(Bloomberg) -- Google is upending the advertising world with its decision to “render obsolete” a key tool used by marketers for years to track would-be customers as they move around the web: It’s phasing out the cookie.On Tuesday the Alphabet Inc. unit said it would stop supporting third party cookies over the next two years. Cookies -- the bits of code that lodge in peoples’ browsers and follow them around the web -- allow advertisers to target people with ads for websites they previously visited, and keep track of which ads finally induced a purchase.Cookies have long been a core part of how the massive online ad industry operates. Criteo SA, a French marketing technology company that is particularly tied into the current system, dropped 16% on the news.Google’s decision ushers in a new reality for digital marketing, even though it’s not the only company with a similar stance. Apple Inc.’s Safari and Mozilla Corp.’s Firefox browsers already block third-party cookies, but because Google’s Chrome is used by the majority of internet users, the company’s decision represents a major industry shift.Getting rid of cookies “fundamentally makes everything different,” said Ari Paparo, head of digital ad firm Beeswax and a former Google executive. If the first era of online advertising was direct sales between publishers and advertisers, and the second era was algorithm-driven bidding, a system without cookies will be the third, Paparo said.Despite the magnitude of the change, Paparo said many advertisers have had time to wean themselves off cookies. The tool’s fate had been in limbo for some time, and at least now there is clarity for the industry about what to expect, he said. Further comfort for marketers: The changes only effect desktop advertising, while many ad dollars are now pouring into mobile phones or connected televisions.“Relevant advertising isn’t going anywhere, but cookies are an archaic technology,” said Dave Pickles, chief technology officer and co-founder of advertising tech company The Trade Desk Inc. “The fastest-growing segments of the industry, such as the booming connected TV market, rely on newer identity solutions.”Google has billed the change as a concession to changing sentiments toward online data collection. “Users are demanding greater privacy -- including transparency, choice and control over how their data is used -- and it’s clear the web ecosystem needs to evolve to meet these increasing demands,” Chrome Engineering Director Justin Schuh said in a blog post Tuesday.But even after cookies are gone, targeted advertising won’t go away completely. Google has proposed changes that would allow tracking to continue without passing personal information back to advertisers. That could give Google more power by cutting off marketers’ use of valuable data streams, while at the same time arguably increasing privacy online.In recent years, Google has been navigating a thicket of threats to its business, including the public’s rising demand for privacy and government investigations into whether its business practices in the ad tech world are anti-competitive. If Google shuts advertisers out from its system too much, they could increase their complaints that it’s being unfair. But if it ignores privacy advocates, some Chrome users could decamp for other browsers.The two-year time period for the phase-out of cookies should give marketers some time to adjust, and the search giant has said it’s seeking input from the industry as it works to find ways to help support online advertising going forward.Google has talked about taking a more measured approach to online ads than rival browsers from Apple and Mozilla. While those companies don’t derive much money from advertising, the vast majority of Google’s revenue comes from digital ads. It’s in the company’s interest to keep advertisers spending money on its websites and ad products. Google’s empire was built on its ability to provide targeted advertising.“Smart companies will adapt,” Paparo said. “Advertising is not going away.“To contact the reporters on this story: Gerrit De Vynck in New York at email@example.com;Naomi Nix in Washington at firstname.lastname@example.orgTo contact the editors responsible for this story: Jillian Ward at email@example.com, Molly SchuetzFor more articles like this, please visit us at bloomberg.comSubscribe now to stay ahead with the most trusted business news source.©2020 Bloomberg L.P.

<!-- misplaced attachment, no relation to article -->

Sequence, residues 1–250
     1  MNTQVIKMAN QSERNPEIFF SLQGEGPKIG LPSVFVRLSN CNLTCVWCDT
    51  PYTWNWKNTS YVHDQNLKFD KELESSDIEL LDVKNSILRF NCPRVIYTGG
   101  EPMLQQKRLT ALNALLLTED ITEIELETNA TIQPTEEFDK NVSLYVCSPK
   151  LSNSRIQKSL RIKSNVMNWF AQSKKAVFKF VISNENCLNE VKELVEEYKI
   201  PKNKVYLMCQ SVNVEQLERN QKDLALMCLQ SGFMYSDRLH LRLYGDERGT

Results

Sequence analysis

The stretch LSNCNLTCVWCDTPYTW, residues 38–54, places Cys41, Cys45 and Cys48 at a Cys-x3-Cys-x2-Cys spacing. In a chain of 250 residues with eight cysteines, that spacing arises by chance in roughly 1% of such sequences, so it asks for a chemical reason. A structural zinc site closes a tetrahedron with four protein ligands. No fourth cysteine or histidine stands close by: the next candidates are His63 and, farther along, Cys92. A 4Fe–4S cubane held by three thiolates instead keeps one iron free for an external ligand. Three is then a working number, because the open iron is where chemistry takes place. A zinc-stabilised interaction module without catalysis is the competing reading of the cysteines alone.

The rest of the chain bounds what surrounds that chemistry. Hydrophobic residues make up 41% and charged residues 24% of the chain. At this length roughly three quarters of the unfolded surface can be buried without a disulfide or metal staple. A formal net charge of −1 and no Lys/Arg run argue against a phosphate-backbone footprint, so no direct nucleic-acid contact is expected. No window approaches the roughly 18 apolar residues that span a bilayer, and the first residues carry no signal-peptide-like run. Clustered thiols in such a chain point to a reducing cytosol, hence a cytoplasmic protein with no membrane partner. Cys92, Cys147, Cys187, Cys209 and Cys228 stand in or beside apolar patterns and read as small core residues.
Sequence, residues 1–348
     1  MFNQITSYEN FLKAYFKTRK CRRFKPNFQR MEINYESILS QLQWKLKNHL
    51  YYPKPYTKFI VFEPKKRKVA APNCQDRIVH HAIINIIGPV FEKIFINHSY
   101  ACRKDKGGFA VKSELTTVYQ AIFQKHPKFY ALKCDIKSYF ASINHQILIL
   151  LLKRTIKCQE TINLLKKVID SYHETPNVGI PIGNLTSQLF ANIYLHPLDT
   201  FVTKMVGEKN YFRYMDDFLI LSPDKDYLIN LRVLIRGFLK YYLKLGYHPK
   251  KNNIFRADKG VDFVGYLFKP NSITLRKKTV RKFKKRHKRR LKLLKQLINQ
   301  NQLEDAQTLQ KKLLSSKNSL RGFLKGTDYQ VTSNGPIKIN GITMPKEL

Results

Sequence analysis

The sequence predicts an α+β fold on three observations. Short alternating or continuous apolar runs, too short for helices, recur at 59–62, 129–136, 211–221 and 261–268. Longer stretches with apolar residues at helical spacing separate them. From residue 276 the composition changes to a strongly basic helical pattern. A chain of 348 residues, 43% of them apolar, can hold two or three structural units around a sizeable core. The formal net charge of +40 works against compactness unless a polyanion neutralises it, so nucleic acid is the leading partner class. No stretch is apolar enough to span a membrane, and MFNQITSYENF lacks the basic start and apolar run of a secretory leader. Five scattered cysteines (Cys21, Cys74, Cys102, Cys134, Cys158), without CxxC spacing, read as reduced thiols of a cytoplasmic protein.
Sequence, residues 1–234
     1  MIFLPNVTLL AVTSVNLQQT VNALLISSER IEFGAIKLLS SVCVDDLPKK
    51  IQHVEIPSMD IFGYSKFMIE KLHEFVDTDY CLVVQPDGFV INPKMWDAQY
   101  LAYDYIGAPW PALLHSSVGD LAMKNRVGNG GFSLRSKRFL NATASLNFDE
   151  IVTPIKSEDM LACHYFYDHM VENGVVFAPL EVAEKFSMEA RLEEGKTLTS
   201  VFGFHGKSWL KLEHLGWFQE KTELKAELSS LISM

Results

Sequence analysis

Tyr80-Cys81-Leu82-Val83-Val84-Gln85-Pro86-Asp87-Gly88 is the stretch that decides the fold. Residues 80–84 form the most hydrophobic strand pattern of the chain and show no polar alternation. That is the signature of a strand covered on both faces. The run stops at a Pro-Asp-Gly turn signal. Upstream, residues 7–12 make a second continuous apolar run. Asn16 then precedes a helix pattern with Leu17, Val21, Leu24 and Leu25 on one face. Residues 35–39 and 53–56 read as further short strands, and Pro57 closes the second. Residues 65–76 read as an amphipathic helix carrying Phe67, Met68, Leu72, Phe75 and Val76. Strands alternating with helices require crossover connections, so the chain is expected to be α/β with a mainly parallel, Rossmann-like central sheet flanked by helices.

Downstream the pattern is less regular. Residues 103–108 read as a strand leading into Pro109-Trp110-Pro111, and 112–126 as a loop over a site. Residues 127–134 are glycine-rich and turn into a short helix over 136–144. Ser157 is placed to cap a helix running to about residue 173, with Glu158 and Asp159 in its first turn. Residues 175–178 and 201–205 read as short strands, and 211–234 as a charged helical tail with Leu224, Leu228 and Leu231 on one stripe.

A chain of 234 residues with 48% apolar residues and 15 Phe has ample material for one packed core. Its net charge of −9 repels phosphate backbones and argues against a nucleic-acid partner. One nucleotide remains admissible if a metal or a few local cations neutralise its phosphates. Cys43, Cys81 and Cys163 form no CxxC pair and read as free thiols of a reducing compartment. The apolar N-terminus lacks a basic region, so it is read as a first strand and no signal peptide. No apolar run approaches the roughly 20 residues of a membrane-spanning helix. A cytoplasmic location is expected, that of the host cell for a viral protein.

(Bloomberg Opinion) -- If you lived west of the Mississippi at the dawn of the 20th century, there must have been a moment when it became clear that the Wild West of old was no more. Perhaps it was the arrival of the railroad, or the last stagecoach robbery or the introduction of a federal income tax.For the web, that moment might just be Google’s decision on Tuesday to end third-party tracking of people’s browsing habits. It’s a move that will better protect user data, but it also provides an opportunity for the Alphabet Inc. unit to extend its dominance of online advertising.The advertising technology industry has long been a Wild West of its own, largely thanks to the proliferation of seemingly innocuous little files known as cookies, which nourished hordes of startups feeding on the data they generated. When internet users visit a website, files are deposited on their computers that record the visit. Many sites, if not most of them, include cookies from other firms, which means they can track users’ progress across the web.As that data accumulates, and users peruse new shoes on one website, film reviews on another, train tickets on a third and so on, adtech firms are gradually able to build a profile of their interests, spending power and demographic attributes. The problem is that users often have no idea who exactly is gathering that personal data. In many ways, adtech is the lubricant for the modern internet — its proceeds pay for much of the web’s operating costs.In 2017, Apple Inc. started blocking third-party cookies on its Safari web browser to stymie the practice. Last year, Mozilla Corp.’s Firefox did the same. Google is finally now following suit with Chrome, which has significantly more users than its competitors.The decision is a no-brainer for the search giant, which regularly asserts that search terms are its most useful tool for targeting relevant ads. And ever since the European Union’s General Data Protection Regulation, cookies have been dying. The rules included measures that made it easier for users to opt out of cookie-based ad-tracking. Within three months of the legislation coming into force in 2018, the number of third-party cookies found on news websites in the region fell by 22%, according to the Reuters Institute. Similar digital privacy legislation is being rolled out around the world.But GDPR also made life harder for a cohort of second-tier adtech players trying to compete with the likes of Google and Facebook Inc. The regulation’s provision to prevent data being shared wantonly with third parties seemed to give the tech giants an opportunity to tighten their control over user data. Rivals such as Sizmek Inc. have since gone bankrupt.Putting an end to third-party cookies could have a similar effect — cement Google’s control at the expense of rivals. After Tuesday’s announcement, shares in French adtech firm Criteo SA fell as much as 14%. After all, if you’re using Chrome, Google is still likely to know your browsing habits. Data that advertisers might formerly have obtained from those third parties might become most readily available from Google itself.It’s a move that could appear anticompetitive and might explain why Google isn’t enforcing the change immediately but instead phasing it in gradually over two years — twith feedback from the adtech “ecosystem,” as director of Chrome engineering Justin Schuh wrote in an accompanying blog post. That approach might take the wind out of accusations of brazen anticompetitiveness.For publishers, it will most likely accelerate the shift toward requiring users to register for their websites because that will be the best way to determine who exactly is browsing their content and thus how to serve appropriate ads. That could become a problem for sites that depend on sporadic visits more than they do a loyal audience.There are still other channels where adtech’s worst practices remain rife, through the use of digital fingerprinting, mobile apps and other means. But the industry’s gunslinging days are nearing an end, and Google is the sheriff.To contact the author of this story: Alex Webb at firstname.lastname@example.orgTo contact the editor responsible for this story: Daniel Niemi at email@example.comThis column does not necessarily reflect the opinion of Bloomberg LP and its owners.Alex Webb is a Bloomberg Opinion columnist covering Europe's technology, media and communications industries. He previously covered Apple and other technology companies for Bloomberg News in San Francisco.For more articles like this, please visit us at bloomberg.com/opinionSubscribe now to stay ahead with the most trusted business news source.©2020 Bloomberg L.P.